Feb. 28, 2016
When you're writing a piece for organ, it doesn't have to be long and elaborate; some of the best gems in the literature are short.
Once you have your theme and have it harmonized, additional melodic material is waiting for you inside your harmonization.
All you have to do to find it is look inside what you've already written.
Something new makes its appearance every time the theme, or portions of it, undergoes rhythmic transformation (same pitches in same order, but different note values) or when the other voices in the harmonization, or portions of them, are utilized as secondary themes or motives.
Diapason Movement Op. 8 (photo) illustrates this.
This piece is a completely self-contained prelude in G Major which can stand alone, and yet, it's only 32 measures long.
Its theme is presented as a period at the outset consisting of 2 phrases of 4 measures each, harmonized in 4 parts.
This theme first appears in the tenor voice, then, before it finishes, shifts position to the alto line, then to the soprano.
This humble beginning provides the entire thematic material for the remainder of the piece.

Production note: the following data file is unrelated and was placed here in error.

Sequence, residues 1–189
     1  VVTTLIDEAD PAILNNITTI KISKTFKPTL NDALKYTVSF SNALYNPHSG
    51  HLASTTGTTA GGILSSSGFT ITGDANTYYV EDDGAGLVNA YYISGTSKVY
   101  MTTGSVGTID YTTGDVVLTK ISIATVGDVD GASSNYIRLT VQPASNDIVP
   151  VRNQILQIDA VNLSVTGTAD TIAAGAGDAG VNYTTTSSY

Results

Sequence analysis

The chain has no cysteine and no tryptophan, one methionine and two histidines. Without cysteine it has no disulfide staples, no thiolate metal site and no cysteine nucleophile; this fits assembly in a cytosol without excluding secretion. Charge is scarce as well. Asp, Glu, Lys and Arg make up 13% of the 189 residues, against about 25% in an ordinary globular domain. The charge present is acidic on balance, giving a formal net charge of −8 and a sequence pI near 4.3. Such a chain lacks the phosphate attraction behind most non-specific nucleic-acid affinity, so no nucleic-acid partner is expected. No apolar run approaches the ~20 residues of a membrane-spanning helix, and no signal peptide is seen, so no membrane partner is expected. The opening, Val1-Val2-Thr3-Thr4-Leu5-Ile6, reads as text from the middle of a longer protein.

What follows is a short continuous expansion form, beginning on measure 8, which modulates to the relative key of e minor.
The tune here originates as a rhythmic transformation of the first 2 measures of the theme.
This material then modulates to the subdominant key of C Major, then to the dominant key of D Major where the theme itself is reiterated once, then modulates to the related key of b minor.
At this point the tune originates from the tenor line of the harmony from measure 3 as a simple motive that's repeated in sequence through the next 4 measures, which modulates back to the subdominant key of C Major, an unexpected turn.
Then, just as unexpectedly, a 2 voice imitation built upon the tenor line of the 2nd phrase of the theme is introduced between the outer voices with a quick modulation to the tonic key of G Major.
This imitation in the tonic key is then repeated in reverse, with the follower becoming the leader.
Having run its course, the work is then rounded off with a short coda, ending very peacefully and quietly over a tonic pedal point.
When you're trying to expand the music you're writing, you don't have to look far to find additional material.
Something interesting is already embedded inside what you have.
You just need to know where to look for it.